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>> No. 5905 Anonymous
30th October 2015
Friday 11:07 pm
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>Sweden is shaping up to be the first country to plunge its citizens into a fascinating — and terrifying — economic experiment: negative interest rates in a cashless society.

>The Swedish central bank held its benchmark interest rate at -0.35% today, the level it has been at since July.

>We reported at the weekend how central bankers and investment bank analysts are increasingly discussing when this might happen. And yesterday, Italy sold a two-year bond at an interest rate of -0.023%, which means investors have to pay to lend Italy money rather than receive interest on their loans. (Why would you buy such a bond? Well, if you believe that you’ll get even worse terms in the future from other creditors — hello, Sweden! — then suddenly -0.023% starts to look pretty good.)


http://business.financialpost.com/business-insider/people-in-sweden-are-hiding-cash-in-their-microwaves-because-of-a-fascinating-and-terrifying-economic-experiment

I don't understand lads. Fair enough, forcing your customers to pay for an account at a bank, but why would anyone buy a negative interest rate bond? I don't understand what is going on.
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>> No. 5906 Anonymous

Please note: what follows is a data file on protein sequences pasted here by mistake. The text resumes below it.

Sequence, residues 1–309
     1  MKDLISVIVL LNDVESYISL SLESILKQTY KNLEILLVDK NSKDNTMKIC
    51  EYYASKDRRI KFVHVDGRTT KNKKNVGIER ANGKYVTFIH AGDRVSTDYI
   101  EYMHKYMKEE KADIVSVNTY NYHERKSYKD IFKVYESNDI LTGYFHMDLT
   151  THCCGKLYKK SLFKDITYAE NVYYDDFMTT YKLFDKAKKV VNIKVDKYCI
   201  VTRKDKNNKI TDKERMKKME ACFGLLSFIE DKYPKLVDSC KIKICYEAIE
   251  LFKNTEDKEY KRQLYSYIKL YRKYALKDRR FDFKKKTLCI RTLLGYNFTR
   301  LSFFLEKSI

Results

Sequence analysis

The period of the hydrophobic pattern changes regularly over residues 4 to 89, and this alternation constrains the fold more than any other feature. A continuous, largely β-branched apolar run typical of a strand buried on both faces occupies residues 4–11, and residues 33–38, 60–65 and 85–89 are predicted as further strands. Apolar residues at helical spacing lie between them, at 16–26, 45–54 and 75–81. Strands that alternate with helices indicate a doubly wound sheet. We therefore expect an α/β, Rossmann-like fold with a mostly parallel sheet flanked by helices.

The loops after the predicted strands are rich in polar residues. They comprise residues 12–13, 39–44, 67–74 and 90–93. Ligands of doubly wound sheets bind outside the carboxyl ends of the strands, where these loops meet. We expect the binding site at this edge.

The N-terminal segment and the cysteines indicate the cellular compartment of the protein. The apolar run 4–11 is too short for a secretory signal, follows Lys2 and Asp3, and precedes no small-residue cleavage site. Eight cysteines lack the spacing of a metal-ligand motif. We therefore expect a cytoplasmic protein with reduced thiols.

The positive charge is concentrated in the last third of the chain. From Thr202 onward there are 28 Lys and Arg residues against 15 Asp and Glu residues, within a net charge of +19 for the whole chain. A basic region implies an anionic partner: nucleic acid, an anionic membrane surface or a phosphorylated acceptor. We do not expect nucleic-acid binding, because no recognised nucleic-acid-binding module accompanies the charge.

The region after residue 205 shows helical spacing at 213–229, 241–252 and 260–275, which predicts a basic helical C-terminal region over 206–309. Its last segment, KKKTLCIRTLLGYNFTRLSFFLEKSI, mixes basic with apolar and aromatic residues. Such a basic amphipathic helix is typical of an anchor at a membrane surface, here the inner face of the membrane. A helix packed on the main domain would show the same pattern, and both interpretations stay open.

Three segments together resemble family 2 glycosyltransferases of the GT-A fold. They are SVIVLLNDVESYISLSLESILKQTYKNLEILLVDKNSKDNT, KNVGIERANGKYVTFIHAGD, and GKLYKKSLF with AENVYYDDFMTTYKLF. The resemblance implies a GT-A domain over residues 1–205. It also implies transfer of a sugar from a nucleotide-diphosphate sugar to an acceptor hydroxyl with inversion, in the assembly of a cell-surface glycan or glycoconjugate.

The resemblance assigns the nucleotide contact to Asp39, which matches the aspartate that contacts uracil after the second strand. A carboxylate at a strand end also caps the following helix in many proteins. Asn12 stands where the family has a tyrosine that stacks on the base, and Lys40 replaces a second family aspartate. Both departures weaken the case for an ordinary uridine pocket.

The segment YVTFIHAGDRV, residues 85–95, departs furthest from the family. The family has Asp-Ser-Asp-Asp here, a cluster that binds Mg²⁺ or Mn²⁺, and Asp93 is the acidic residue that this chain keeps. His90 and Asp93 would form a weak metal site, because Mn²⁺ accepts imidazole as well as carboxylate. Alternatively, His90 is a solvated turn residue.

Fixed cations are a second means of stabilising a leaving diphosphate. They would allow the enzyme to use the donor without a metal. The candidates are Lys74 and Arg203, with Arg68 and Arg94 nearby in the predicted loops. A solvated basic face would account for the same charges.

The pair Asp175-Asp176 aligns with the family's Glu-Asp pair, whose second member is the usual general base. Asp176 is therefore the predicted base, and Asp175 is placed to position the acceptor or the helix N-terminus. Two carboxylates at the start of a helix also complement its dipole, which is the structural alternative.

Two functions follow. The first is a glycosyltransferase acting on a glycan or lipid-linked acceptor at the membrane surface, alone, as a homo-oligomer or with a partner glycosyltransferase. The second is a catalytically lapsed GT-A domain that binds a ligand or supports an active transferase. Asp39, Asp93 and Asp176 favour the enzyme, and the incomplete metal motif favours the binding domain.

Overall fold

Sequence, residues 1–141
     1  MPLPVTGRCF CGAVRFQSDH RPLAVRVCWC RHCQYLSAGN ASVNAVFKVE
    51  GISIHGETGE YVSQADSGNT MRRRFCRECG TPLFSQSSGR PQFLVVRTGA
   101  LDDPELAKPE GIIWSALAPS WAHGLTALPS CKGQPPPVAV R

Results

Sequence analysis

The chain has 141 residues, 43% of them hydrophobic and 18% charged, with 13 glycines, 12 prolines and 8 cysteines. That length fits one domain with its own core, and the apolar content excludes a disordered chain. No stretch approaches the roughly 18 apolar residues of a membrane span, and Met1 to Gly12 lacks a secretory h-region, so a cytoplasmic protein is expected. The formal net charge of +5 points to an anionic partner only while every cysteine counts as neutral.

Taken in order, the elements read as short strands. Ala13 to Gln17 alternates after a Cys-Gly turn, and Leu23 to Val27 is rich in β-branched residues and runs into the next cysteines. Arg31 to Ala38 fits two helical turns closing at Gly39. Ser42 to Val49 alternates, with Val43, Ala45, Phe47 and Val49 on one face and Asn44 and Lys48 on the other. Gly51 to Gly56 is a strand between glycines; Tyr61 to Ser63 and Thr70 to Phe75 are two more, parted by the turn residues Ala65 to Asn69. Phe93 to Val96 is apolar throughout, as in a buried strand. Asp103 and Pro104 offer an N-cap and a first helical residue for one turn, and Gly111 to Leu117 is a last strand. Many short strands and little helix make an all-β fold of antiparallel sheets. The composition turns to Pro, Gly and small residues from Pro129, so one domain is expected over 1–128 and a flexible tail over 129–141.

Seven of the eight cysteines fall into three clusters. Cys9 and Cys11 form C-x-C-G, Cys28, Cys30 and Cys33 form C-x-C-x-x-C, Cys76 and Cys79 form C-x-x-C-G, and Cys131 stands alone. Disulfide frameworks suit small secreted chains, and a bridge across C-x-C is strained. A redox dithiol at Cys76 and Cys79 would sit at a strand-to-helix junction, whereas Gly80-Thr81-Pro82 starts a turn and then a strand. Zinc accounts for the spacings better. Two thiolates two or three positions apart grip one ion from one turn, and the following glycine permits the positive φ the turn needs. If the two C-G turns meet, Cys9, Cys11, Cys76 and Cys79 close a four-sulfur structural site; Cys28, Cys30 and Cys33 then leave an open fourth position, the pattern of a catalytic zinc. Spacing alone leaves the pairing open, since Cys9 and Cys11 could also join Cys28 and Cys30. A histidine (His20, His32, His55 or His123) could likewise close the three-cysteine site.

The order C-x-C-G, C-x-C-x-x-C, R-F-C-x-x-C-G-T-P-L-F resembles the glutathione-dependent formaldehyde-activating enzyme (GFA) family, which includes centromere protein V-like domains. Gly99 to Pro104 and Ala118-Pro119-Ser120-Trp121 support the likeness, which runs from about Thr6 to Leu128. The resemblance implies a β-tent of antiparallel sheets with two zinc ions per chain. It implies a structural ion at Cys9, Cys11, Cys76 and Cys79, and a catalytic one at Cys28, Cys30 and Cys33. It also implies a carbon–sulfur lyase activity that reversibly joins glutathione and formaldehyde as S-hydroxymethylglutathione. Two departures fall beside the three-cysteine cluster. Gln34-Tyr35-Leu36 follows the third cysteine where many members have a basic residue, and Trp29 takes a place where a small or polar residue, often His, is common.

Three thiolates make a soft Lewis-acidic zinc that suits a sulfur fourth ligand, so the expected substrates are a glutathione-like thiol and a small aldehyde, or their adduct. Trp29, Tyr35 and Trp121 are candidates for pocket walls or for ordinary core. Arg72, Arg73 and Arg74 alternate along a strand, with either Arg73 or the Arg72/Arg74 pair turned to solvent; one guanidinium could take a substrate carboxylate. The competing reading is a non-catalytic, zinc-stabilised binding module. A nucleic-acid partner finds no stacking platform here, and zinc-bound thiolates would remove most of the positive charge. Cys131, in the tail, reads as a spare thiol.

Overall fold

30th October 2015
Friday 11:13 pm
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Where can I take out one of these loans? I don't own property, and only a few shares, I want some more wealth distribution please!
>> No. 5907 Anonymous
30th October 2015
Friday 11:20 pm
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Is it a bet that the currency you've got is going to fall against the currency the bond is in, over the term?
Fucked if I know, I'm far from sober.
>> No. 5908 Anonymous
31st October 2015
Saturday 12:03 am
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>>5906
>>5907
Lads... Explain yourselves please.
>> No. 5923 Anonymous
2nd November 2015
Monday 3:08 am
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Buying a UK gilt already puts you at an effectively negative interest rate when you factor in inflation. Some people are so risk averse that they will pay a country to take their money in the hope that it will be more likely to exist in 50 years time than the bank down the road. Anyway, there is a lot of bullshit about the "efficient frontier" and how a portfolio must contain some combination of stocks and "risk-free assets" (government bonds) to maximise the risk:return ratio of the portfolio.

Anyway, this measure is more to do with stimulating bank lending (as all the bank has to do is now exceed at -0.35% return on investment to make money) than getting people to spend their bank-held money. The cashless stuff is important though as it puts customers in a hostage situation, where the bank could decide to start charging for all money transfer services if you cannot get out cash.
>> No. 5925 Anonymous
2nd November 2015
Monday 6:24 am
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>>5923
>there is a lot of bullshit about the "efficient frontier" and how a portfolio must contain some combination of stocks and "risk-free assets" (government bonds) to maximise the risk:return ratio of the portfolio.

Diversification through investing in a range of asset classes and geographical regions to try and minimise risk and volatility is one of the very basics investing.
>> No. 5935 Anonymous
2nd November 2015
Monday 1:57 pm
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>>5925

I am aware of that. I was trying to imply that it would not be of interest to him as a reason, not that it was not important.

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